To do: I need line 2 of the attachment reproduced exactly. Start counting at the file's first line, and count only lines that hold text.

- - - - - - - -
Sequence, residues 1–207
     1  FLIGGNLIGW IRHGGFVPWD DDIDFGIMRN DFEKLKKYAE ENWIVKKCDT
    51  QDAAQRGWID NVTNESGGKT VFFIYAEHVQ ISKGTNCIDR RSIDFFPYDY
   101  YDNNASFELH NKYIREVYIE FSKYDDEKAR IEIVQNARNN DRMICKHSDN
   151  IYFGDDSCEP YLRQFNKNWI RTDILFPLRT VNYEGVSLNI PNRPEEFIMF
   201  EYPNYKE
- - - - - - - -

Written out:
     1  FLIGGNLIGW IRHGGFVPWD DDIDFGIMRN DFEKLKKYAE ENWIVKKCDT